Another important aspect, is that of the physical space your army needs on the field. How wide is your army? How deep? How many reserves it has? Can be deployed in flank sectors or not? You should have a clear idea of the room it takes to deploy it and to maneuver it.
This is extremely important when selecting and placing the terrain. You should know in advance how much open going you need and look for it, and how much clutter the table to protect the flanks or to use your terrain troops superiority, if you have it.
This means that the plan must consider the terrain, and the composition must suit to the terrain.
The terrain depends by aggressiveness. Is your army terrain sensible? If it is, better have low Ag.
Another point to be considered when organizing the army is if take or not the stratagems. These are paid for, so you have less troops. Usually I use them with irregular armies, while buying them with more costly regulars is less common.
Stratagems give you additional plan options: a feigned flight or an ambush can prove decisive in a game if well executed.
About corps, there are four way to organize them:
You can choose just one troop type. This works for some simple armies as Huns. A corps made only by ILhS is very effective.
You can select core troops, needed to the task you give to the corps, and then put in it filler, to raise the ME
You can select two core troops and engage just one, while the other act as support or filler. This makes the army more versatile, but there is a price to be paid: reduced frontage, or combat situations where the troops have to fight in the wrong environment or the worst opponent. It is just a matter of field initiative. If you have it, it works, if you are pressed hard, not.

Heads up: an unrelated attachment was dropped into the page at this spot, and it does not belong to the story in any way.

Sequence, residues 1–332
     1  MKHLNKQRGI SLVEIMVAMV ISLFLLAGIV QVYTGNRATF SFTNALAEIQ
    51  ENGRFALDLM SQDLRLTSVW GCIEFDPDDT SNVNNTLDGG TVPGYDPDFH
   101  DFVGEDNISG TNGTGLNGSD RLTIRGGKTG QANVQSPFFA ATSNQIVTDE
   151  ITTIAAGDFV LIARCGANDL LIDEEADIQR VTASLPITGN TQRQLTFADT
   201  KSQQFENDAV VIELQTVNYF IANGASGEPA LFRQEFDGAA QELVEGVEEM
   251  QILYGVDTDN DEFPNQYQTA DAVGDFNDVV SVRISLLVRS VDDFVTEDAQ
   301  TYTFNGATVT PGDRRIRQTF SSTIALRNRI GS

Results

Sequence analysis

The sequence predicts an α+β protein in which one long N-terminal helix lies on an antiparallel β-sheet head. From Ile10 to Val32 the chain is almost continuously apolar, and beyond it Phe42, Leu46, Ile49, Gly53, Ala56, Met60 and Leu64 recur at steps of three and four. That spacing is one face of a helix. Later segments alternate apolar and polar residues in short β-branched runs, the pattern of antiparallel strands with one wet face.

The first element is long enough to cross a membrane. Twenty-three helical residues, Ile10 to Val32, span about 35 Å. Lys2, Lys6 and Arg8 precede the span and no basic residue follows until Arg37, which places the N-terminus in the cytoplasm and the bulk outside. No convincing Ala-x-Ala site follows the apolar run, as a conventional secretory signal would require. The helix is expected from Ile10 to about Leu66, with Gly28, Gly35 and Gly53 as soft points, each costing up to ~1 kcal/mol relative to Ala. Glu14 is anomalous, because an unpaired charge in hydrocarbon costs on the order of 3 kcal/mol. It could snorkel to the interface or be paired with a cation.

You can combine arms. Go for several useful troops, to coordinate them on the battlefield. This is demanding and difficult, but if well done can guarantee the victory. This needs a lot of skill though. Needless to say, the more troops you mix the better (or worst) is.
Troops sometime have a synergy. It is a good idea to use it. Exploit special supports, if you have any, or special skills.
As example Regular Cv and Lh work well together. If you use Marian Romans, brigade Cv and Ps together to enjoy the support.
As a general rule, always put a tactical reserve or a second line in a corps. Flanks are important, but in DBMM there is also the depth to consider. Breakthrough are frequent, and you need to deal with them.
As example, a back line of humble ps I can be worth gold when you need the decisive overlap, or to avoid that your general could be attacked in the flank.
The baggage should always be taken. It gives free ME. If the baggage is regular, its loss could be devastating. Regular baggage in small regular armies usually is worth an important percentage in ME.
How will you defend it? Think about it in advance. Irregular large armies have less concerns.
These are some basic tips. If you take a look to the sample army list of this website, you can have a better idea about some ways to organize an army.